Bill & Ted’s Excellent Adventure is a hilarious and hopeful tale of friendship, full of great dialogue and memorable scenes. It is also a terrible history lesson. Well, depending on what angle you choose to view history. The film certainly doesn’t pause to get all the details right as Bill and Ted traverse the Circuits of History in their time machine, “bagging” influential human beings for help on their high school final project. There are those in any given audience that will always shake their head at an Abraham Lincoln who speaks in an inaccurate baritone (shh, don’t tell anyone but he also yells, “Party on, dudes!”) but in its way, Bill & Ted’s Excellent Adventure does accurately capture history.
The film is an accurate account of pop culture’s conception of historic times, in particular a century’s worth of cinema. In this light, of course a visit to the Wild West will feature a knock-down, drag-out saloon fight, while medieval England will result in damsels-in-distress and swashbuckling escapades. This is the only lens of history two well-meaning idiots could stumble through. The film’s superior sequel, Bill & Ted’s Bogus Journey, will make this connection even more explicit with direct references to arthouse classics A Matter of Life and Death and The Seventh Seal.
Additionally, Bill & Ted’s Excellent Adventure now serves as its own time capsule for life in the 1980s. Part of this is clearly by design. Chris Matheson and Ed Solomon’s slyly intelligent script is obsessed with highlighting and dissecting the prevailing mall culture of the decade. But embedded in the film are also bits of pop culture and technology whose eventual irrelevance could not have been as easily foreseen, like the now-anachronistic use of tape recorders and video cameras. Hell, the time-traveling phone booth at the film’s center is just as much a relic nowadays as its inspiration: Doctor Who’s iconic police box, the TARDIS. (The spitting image of my mom’s long-gone grey Subaru Loyale is parked in the Circle K lot when Rufus shows up.)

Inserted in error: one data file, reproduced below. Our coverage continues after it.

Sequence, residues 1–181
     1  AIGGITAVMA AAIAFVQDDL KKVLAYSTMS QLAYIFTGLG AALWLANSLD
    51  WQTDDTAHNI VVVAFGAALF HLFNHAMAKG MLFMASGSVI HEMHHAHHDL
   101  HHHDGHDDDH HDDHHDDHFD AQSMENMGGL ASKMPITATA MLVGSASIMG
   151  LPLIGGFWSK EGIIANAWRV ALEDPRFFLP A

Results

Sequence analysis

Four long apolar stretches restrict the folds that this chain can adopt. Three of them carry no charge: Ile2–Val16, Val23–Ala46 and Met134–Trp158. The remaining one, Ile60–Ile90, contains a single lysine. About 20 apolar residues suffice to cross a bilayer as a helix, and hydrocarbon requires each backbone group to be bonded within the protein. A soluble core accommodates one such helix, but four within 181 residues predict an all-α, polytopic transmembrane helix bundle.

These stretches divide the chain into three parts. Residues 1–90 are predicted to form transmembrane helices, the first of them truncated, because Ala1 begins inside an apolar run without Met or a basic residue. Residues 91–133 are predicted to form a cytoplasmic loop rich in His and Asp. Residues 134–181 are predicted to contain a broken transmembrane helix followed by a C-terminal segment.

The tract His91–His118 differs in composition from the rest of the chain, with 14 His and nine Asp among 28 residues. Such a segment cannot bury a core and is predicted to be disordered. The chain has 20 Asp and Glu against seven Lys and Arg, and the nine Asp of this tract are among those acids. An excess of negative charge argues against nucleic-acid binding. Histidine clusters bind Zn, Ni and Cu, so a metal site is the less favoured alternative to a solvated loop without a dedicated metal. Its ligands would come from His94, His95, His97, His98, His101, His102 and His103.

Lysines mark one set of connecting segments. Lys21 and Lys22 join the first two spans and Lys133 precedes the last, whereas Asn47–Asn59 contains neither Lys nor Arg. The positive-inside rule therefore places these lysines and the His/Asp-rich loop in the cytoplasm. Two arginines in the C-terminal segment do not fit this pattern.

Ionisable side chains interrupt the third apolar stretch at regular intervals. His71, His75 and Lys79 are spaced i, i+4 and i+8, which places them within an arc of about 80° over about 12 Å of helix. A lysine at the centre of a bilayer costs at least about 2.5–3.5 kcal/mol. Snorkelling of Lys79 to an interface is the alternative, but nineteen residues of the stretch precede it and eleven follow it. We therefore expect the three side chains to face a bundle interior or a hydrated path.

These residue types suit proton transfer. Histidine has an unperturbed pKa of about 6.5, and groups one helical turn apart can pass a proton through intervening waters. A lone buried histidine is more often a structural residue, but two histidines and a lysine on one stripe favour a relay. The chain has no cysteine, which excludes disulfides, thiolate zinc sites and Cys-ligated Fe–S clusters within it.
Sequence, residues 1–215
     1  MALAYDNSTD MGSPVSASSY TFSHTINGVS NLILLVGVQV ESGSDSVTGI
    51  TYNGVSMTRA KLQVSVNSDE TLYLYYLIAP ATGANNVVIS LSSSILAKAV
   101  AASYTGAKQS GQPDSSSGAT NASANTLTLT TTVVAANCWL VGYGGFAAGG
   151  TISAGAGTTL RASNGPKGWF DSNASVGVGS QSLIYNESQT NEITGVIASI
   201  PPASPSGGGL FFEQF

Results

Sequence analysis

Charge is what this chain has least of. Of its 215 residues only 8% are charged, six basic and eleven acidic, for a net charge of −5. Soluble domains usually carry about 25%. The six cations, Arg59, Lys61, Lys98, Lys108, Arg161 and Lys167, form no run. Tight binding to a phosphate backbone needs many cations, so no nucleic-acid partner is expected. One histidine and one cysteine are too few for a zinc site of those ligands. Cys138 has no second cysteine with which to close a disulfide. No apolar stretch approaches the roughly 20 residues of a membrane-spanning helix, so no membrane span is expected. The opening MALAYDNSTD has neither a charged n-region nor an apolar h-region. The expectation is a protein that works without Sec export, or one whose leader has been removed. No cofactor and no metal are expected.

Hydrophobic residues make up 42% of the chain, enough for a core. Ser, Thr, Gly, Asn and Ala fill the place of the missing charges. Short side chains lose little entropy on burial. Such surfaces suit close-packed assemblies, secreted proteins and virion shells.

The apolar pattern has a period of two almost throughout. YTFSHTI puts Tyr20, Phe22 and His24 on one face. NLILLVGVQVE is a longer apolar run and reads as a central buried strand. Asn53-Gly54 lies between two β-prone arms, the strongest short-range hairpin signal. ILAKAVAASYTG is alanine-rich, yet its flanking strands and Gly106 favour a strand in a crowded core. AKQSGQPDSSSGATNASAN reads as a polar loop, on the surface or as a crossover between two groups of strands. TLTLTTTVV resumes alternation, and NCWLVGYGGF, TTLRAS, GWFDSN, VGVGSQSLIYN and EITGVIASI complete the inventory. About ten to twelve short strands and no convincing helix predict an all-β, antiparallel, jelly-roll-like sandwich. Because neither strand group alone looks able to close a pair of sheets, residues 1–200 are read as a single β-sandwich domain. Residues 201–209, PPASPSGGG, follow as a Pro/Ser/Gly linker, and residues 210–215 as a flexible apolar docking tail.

Beyond the film’s depiction of history and the reflection of its own era, Bill & Ted’s Excellent Adventure is also one of the very few comedies in Keanu Reeves’ career. Three decades after the film’s release, Reeves’ résumé has narrowed considerably. His filmography is littered with science fiction and action films — many of which are certainly funny in their own ways — but there is a dearth of flat-out comedies. Early on, Reeves was given the opportunity to take many more risks. Some were successful (Gus Van Sant’s My Own Private Idaho), others not so much (Much Ado About Nothing). As Ted “Theodore” Logan, Reeves is terrific. Whether he’s cracking an infectious smile or intoning the appropriate sense of stoner wonder to his line readings, he exudes the effervescent energy that would compel a history teacher to give someone who has flunked every other area of their course just one more chance.
(Bill & Ted’s Excellent Adventure plays at the Central Cinema 7/10-7/15)